UCL logo

UCL Discovery

UCL home » Library Services » Electronic resources » UCL Discovery

THAP1 mutations (DYT6) are an additional cause of early-onset dystonia

Houlden, H; Schneider, SA; Paudel, R; Melchers, A; Schwingenschuh, P; Edwards, M; Hardy, J; (2010) THAP1 mutations (DYT6) are an additional cause of early-onset dystonia. NEUROLOGY , 74 (10) 846 - 850.

Full text not available from this repository.

Abstract

Background: The clinical phenotype of DYT6 consists mainly of primary craniocervical dystonia. Recently, the THAP1 gene was identified as the cause of DYT6, where a total of 13 mutations have been identified in Amish-Mennonite and European families.Methods: We sequenced the THAP1 gene in a series of 362 British, genetically undetermined, primary dystonia patients (78 with focal, 186 with segmental, and 98 with generalized dystonia) and in 28 dystonia-manifesting DYT1 patients and 176 normal control individuals.Results: Nine coding mutations were identified in the THAP1 gene. Two were small deletions, 2 were nonsense, and 5 were missense. Eight mutations were heterozygous, and 1 was homozygous. The main clinical presentation of cases with THAP1 mutations was early-onset (<30 years) dystonia in the craniocervical region or the limbs (8 of 9 patients). There was phenotypic variability with laryngeal or oromandibular dystonia present in 3 cases. Four of 9 THAP1 cases developed generalized dystonia.Conclusions: The number of THAP1 mutations has been significantly expanded, indicating an uncommon but important cause of dystonia. Coding mutations account for 9 of 362 dystonia cases, indicating a mutation frequency of 2.5% of dystonia cases in the population that we have screened. The majority of cases reported here with THAP1 mutations had craniocervical-or limb-onset segmental dystonia, but we also identified 1 homozygous THAP1 mutation, associated initially with writer's dystonia and then developing segmental dystonia. Three of our patients had a nonsense or frameshift THAP1 mutation and the clinical features of laryngeal or oromandibular dystonia. These data suggest that early-onset dystonia that includes the involvement of the larynx or face is frequently associated with THAP1 mutations. Neurology (R) 2010; 74: 846-850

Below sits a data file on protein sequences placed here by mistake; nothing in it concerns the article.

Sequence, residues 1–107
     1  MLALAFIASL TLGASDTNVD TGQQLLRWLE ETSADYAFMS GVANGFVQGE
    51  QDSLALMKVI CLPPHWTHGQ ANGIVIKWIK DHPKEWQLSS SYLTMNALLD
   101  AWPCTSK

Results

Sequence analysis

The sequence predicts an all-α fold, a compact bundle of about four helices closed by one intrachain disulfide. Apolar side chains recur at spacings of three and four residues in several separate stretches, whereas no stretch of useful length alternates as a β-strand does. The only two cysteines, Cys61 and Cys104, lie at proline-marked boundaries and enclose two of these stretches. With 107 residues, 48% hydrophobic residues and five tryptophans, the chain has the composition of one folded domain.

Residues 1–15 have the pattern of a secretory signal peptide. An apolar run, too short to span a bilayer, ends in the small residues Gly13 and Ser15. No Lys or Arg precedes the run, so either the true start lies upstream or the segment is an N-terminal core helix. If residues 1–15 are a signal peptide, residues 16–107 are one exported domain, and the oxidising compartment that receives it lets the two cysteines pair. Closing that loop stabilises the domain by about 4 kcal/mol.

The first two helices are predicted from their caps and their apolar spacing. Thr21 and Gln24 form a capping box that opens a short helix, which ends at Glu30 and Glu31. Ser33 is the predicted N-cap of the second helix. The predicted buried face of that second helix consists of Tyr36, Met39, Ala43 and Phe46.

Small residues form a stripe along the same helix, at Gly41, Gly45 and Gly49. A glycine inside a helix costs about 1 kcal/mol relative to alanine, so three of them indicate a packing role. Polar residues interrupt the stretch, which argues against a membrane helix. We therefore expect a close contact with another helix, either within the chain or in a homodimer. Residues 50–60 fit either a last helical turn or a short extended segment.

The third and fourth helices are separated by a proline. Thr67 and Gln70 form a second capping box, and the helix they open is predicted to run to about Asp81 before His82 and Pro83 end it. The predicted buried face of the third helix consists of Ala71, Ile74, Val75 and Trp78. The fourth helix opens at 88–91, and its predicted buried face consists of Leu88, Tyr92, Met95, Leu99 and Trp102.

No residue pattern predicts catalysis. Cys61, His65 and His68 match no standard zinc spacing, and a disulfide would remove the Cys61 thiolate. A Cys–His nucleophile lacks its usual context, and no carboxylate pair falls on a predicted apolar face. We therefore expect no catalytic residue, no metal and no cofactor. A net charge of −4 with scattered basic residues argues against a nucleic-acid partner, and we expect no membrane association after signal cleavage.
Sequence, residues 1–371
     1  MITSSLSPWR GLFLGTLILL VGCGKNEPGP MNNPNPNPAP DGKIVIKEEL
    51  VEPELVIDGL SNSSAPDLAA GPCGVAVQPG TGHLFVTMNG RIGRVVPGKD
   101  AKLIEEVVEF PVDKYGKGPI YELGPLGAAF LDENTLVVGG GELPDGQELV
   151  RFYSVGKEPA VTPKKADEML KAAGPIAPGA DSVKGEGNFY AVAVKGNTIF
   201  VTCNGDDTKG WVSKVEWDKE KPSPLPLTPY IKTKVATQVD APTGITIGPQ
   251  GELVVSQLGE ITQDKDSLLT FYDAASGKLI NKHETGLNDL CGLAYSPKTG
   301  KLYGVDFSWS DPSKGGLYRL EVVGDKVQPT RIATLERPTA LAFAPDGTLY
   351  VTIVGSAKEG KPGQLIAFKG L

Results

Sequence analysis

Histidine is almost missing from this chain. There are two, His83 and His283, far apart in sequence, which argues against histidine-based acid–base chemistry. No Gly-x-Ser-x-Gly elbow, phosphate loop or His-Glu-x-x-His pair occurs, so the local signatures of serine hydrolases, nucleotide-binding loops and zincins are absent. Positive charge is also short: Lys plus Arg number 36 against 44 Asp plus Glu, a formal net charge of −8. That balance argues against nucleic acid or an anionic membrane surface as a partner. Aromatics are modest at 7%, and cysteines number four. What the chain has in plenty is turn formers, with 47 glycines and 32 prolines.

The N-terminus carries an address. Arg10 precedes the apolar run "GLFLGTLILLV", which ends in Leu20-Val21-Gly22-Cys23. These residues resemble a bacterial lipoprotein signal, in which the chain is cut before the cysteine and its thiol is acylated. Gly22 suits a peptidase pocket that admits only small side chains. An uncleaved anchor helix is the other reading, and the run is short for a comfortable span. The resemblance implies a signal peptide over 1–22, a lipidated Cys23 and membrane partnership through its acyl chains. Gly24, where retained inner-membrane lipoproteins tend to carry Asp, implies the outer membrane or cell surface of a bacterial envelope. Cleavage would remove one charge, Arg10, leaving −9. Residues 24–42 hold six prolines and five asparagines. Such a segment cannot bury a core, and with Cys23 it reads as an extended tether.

Type: Article
Title: THAP1 mutations (DYT6) are an additional cause of early-onset dystonia
Keywords: TORSION DYSTONIA, FAMILIES
UCL classification: UCL > Provost and Vice Provost Offices
UCL > Provost and Vice Provost Offices > School of Life and Medical Sciences
UCL > Provost and Vice Provost Offices > School of Life and Medical Sciences > Faculty of Brain Sciences
UCL > Provost and Vice Provost Offices > School of Life and Medical Sciences > Faculty of Brain Sciences > UCL Queen Square Institute of Neurology
UCL > Provost and Vice Provost Offices > School of Life and Medical Sciences > Faculty of Brain Sciences > UCL Queen Square Institute of Neurology > Clinical and Movement Neurosciences
UCL > Provost and Vice Provost Offices > School of Life and Medical Sciences > Faculty of Brain Sciences > UCL Queen Square Institute of Neurology > Department of Neuromuscular Diseases
UCL > Provost and Vice Provost Offices > School of Life and Medical Sciences > Faculty of Brain Sciences > UCL Queen Square Institute of Neurology > Neurodegenerative Diseases
URI: http://discovery.ucl.ac.uk/id/eprint/135761
Downloads since deposit
0Downloads
Download activity - last month
Download activity - last 12 months
Downloads by country - last 12 months

Archive Staff Only

View Item View Item